“Why do Saurashtra’s hardworking people, who have travelled to all corners of the world and enriched those parts, have to suffer in their own homes?” Congress President Sonia Gandhi's rhetorical question is greeted by thunderous cheers at a massive rally on Friday afternoon here, a 40-minute drive from Junagadh city.

Ms. Gandhi clearly hits the right spot in a region which has seen a spate of farmers’ suicides, erratic water and electricity supply and, thanks to the exit of former Chief Minister Keshubhai Patel from the Bharatiya Janata Party and the formation of the Gujarat Parivartan Party, an undercurrent of resentment against the Modi government among the powerful Lehwa Patels, a majority of whom are farmers.

Indeed, with a mini-revolt brewing here against the BJP, the Congress has decided to focus on Saurashtra and Kutch, which together account for 54 of the 182 seats in the State Assembly. Ms. Gandhi’s visit to Keshod was her second visit to Saurashtra in these elections: she had kicked off her Gujarat campaign on October 3 with a rally in Rajkot.

And on December 11, Congress general secretary Rahul Gandhi will address public meetings in Amreli, Jaamnagar, both in Saurashtra, and Gandhidham In Kutch.

On Friday afternoon, as a merciless Sun beats down on Keshod, villagers pour in, filling the grounds and spilling on to the road. The main stage is small, with a single poster of Sonia Gandhi as backdrop, the strapline reading “Sah sahmat Congress ne mat.” (Everyone is agreed, vote Congress) Some local Kathiawari folk music — followed by Mile sur hamara tumhara and then Raghupati Raghav Raja Ram — blares from a mini stage on the side.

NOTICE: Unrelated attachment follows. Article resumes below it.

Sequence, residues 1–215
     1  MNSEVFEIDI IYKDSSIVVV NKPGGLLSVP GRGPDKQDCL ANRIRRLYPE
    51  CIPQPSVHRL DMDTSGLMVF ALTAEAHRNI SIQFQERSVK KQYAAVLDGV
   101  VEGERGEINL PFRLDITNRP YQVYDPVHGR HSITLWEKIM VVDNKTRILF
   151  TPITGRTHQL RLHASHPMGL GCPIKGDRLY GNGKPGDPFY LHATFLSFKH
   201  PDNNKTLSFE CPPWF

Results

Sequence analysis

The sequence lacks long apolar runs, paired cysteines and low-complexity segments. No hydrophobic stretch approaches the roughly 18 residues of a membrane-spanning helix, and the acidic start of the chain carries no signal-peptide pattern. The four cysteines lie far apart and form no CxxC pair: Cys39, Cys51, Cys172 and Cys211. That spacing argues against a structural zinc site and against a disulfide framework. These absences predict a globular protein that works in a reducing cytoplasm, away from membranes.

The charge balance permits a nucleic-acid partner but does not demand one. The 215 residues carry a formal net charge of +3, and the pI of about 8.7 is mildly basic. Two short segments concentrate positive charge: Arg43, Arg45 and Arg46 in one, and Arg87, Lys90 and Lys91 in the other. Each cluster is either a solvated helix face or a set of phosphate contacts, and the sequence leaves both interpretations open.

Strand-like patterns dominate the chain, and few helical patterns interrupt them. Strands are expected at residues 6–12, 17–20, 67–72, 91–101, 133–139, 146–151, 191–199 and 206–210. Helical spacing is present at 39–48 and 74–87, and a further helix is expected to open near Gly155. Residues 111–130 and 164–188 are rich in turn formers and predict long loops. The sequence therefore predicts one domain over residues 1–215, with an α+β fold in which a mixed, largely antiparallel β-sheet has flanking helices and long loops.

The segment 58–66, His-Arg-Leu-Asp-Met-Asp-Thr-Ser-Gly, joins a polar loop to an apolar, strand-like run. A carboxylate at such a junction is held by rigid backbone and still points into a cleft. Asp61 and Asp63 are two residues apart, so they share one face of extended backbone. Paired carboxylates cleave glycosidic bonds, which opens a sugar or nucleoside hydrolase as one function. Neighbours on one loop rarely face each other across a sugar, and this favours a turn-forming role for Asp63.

The theme of the afternoon is clearly the neglect of Saurashtra. The Congress president doesn’t mince her words: “People who made big promises and came to power did nothing to improve irrigation in Saurashtra,” she says, adding, “Now this is election time and these people again come to you with tall promises.”

Farmers here, she says, are facing many difficulties because of the BJP government’s anti-farmer policies; about 4.5 lakh farmers are still waiting for electricity connections.

Ms. Gandhi's speech is preceded by those of the State’s two top leaders, Shaktisinh Gohil and Arjun Modhwadia: Mr. Gohil is a powerful speaker, and has the crowd clapping madly as he says that Saurashtra does not get electricity as the Gujarat government sells it to neighbouring States. “If you are a man, then spend one night in Saurashtra,” he thunders. “We are not fighting for power but houses for women, electricity for farmers and laptops for young,” he says to cheers. “In Delhi when a CAG report indicts the government, the UPA is labelled a thief, but here when the CAG gives a similar report on the Modi government, it is ignored.”

Mr. Modhwadia also makes a short sharp speech. “Here, when young men want jobs, Modi organises a kite festival; when the poor want a plot of land, he organises a Garib Kalyan Mela; when the people in the Rann of Kutch want water, he has a Rannutsav; when women want homes, he organises a Navratri programme. Who knows what festival he will organise next — a donkey mela.” The crowd roars with laughter.

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